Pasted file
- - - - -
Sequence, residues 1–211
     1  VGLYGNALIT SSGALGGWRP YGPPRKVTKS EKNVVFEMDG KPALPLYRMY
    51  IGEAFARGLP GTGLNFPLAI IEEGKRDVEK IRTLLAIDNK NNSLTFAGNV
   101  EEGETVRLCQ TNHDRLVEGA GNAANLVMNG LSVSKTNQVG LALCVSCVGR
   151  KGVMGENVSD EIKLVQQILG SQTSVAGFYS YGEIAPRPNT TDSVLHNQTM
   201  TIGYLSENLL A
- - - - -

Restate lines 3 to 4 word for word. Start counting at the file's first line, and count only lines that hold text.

    51  IGEAFARGLP GTGLNFPLAI IEEGKRDVEK IRTLLAIDNK NNSLTFAGNV
   101  EEGETVRLCQ TNHDRLVEGA GNAANLVMNG LSVSKTNQVG LALCVSCVGR